If, however, we are not dealing with large or aged specimens, then it will be abnormal growth due to other factors. Excluding genetics, which we cannot investigate and intervene on, growing factors are irrigation, fertilization, temperature, and substrate. Overfertilization can easily alter the bearing of any plant, as the use of an unsuitable substrate. Also the exposure, even if not insufficient to the point of causing etiolation, may not be adequate, leading that plant to grow differently than Nature intended. By restoring proper growing conditions, we are unlikely to cause the abnormally grown plant to resume a right look, but if nothing else, we will encourage new and proper growth.
What to do against etiolation
Once we have determined that there’s a principle of etiolation or that our plant has been etiolated for some time, we can take corrective action. Beware, however: as I have written, unfortunately there’s no going back, and the etiolated part will remain forever. If we have a branching succulent plant we can prune off the etiolated branches or pull off the yellowed or elongated leaves, but if the etiolation concerns a cactacea… we have to surrender to the evidence and engage us at least to bring the plant back to proper developmental condition. It’s not rare that with time and new growth the etiolated part will become less noticeable, and the plant will react in a surprising way, taking on a bearing that is indeed abnormal but interesting and aesthetically pleasing. This is what happened to the Echinocactus grusonii that I discuss at the end of this article.
In any case, once we identify etiolation or the principle of etiolation in a cactacea, all we can do is try to improve the light conditions by gradually moving it. Never put a plant (etiolated or not) in full sun if that plant is not used to direct light: we only expose it to the risk of severe sunburn. We need to read up on the type of plant (e.g., Cactacea or Euphorbia?), figure out what its light requirements are (direct or filtered sun?) and arrive at the correct exposure in stages. While we re-accustom the plant to the right light intensity, we must reduce watering and suspend fertilization. We also postpone repotting so as to avoid further stress to the plant at this delicate stage.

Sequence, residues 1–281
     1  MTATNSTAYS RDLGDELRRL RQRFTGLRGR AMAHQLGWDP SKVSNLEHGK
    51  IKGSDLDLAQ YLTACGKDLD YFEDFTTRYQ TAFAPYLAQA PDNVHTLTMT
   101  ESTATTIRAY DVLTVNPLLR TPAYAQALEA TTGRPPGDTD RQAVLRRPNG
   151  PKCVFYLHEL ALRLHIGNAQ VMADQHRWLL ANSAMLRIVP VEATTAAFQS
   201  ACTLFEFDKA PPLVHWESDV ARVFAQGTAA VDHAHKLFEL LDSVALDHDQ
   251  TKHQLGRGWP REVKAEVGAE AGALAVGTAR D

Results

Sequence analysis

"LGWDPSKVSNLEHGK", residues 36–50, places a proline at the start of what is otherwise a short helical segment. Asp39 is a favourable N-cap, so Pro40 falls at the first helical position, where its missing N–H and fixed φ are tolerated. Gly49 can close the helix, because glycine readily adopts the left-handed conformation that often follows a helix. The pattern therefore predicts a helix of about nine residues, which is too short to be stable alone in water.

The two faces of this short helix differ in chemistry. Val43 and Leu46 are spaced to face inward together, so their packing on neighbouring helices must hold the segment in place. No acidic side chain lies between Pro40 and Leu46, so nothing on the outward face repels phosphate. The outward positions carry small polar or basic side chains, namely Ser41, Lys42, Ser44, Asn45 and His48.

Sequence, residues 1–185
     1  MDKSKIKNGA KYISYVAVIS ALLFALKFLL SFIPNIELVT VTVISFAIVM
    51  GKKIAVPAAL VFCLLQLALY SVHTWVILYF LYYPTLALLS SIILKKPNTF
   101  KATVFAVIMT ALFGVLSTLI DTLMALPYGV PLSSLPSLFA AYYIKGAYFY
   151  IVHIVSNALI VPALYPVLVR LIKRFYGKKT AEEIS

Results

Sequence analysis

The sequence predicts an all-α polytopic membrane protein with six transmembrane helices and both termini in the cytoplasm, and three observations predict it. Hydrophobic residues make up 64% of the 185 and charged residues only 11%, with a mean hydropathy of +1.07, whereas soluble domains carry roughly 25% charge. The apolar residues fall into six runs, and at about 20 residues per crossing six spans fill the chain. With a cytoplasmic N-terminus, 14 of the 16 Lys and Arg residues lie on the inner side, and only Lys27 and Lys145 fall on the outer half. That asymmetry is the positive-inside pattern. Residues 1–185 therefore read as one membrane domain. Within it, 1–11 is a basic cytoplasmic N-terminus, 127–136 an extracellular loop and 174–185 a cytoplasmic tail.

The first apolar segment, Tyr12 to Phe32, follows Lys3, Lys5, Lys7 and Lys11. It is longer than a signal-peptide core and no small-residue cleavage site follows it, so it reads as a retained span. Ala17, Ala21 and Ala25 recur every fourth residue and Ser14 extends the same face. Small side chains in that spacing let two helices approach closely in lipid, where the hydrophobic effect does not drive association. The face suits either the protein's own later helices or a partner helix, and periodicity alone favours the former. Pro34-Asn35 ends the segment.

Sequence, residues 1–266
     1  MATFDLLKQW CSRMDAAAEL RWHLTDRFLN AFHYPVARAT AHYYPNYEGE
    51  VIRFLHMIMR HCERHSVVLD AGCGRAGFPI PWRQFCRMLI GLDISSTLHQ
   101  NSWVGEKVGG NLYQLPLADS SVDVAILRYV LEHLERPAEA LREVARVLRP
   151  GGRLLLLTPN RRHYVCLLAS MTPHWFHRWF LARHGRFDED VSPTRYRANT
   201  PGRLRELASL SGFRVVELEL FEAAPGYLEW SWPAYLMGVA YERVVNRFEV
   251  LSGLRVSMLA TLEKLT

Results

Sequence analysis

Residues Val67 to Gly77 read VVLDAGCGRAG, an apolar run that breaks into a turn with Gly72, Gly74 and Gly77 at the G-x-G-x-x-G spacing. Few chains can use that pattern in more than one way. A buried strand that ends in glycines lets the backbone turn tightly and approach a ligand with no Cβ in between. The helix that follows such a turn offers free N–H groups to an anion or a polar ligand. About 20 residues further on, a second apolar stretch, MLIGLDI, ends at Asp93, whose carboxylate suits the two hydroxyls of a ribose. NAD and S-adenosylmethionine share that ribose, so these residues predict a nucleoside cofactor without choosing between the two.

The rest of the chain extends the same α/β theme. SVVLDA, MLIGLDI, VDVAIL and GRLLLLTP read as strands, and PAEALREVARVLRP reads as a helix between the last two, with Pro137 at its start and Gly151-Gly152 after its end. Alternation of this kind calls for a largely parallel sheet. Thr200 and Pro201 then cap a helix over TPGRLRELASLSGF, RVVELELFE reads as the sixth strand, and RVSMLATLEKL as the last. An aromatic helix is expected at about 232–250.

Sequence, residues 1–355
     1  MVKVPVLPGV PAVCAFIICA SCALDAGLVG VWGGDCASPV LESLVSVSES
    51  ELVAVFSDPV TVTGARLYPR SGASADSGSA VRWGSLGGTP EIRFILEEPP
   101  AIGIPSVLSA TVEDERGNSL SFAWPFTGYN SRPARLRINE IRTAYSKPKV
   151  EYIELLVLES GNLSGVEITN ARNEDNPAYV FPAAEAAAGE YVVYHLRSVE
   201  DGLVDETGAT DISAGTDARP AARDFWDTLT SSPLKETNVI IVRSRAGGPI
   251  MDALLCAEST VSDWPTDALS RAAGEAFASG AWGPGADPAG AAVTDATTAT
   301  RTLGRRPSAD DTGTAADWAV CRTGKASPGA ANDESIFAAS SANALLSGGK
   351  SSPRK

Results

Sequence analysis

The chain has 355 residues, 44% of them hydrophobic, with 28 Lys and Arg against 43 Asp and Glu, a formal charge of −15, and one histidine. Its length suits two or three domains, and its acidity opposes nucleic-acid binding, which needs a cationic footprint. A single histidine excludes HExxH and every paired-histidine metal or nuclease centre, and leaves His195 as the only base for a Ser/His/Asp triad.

To find out what the various light requirements of succulents are, you can consult this article, which contains a summary table.
If the plant is healthy and if we can give it the correct amount of light (not only in terms of intensity, but also in terms of hours of sunlight), we are able to stop the etiolation process. At that stage, patience is necessary: the plant resumes growing properly, enlarge the apex, which regains its correct coloring, and forms new spines in line with the old ones, that is, stronger and thicker. In other words, the apex returns to normal, and if we look at the plant from above, we don’t see anything abnormal. If we look at it from the side, we can observe the enlarged base, then the bottleneck in correspondence with the etiolation period, and finally the new growth. The effect, in most cases, is that of an “hourglass”, but if we have nipped the etiolation in the bud, there is a chance that the aesthetic damage becomes less and less visible over time.
Finally, we have to consider an important factor: a “spartan” cultivation, in short, that tries to imitate as much as possible the conditions in which cacti are found in their habitat, can only fortify the plants, slow down the growth rates and, at the same time, prevent etiolation of the stems by contributing to the maintenance of the correct and compact form that these plants have.
Beware of winter
For those who grow cacti and succulents correctly, placing them in the proper place during the growing season, winter is he only period at risk of etiolation. Not everyone is fortunate enough to have a greenhouse, and even those who have a garden or a large terrace are forced to shelter cacti and succulents as best they can in winter, particularly in areas of northern Italy. Many resort to the stairwell, others use garages or other cold rooms. Some growers use mountable greenhouses or repair plants with layers of nonwoven fabric. In all these cases, if you stop watering altogether from the end of September and if the plants experience a consistent drop in temperatures, there are no problems. This is because under these conditions succulents stop vegetating and stunt new growth while waiting for spring.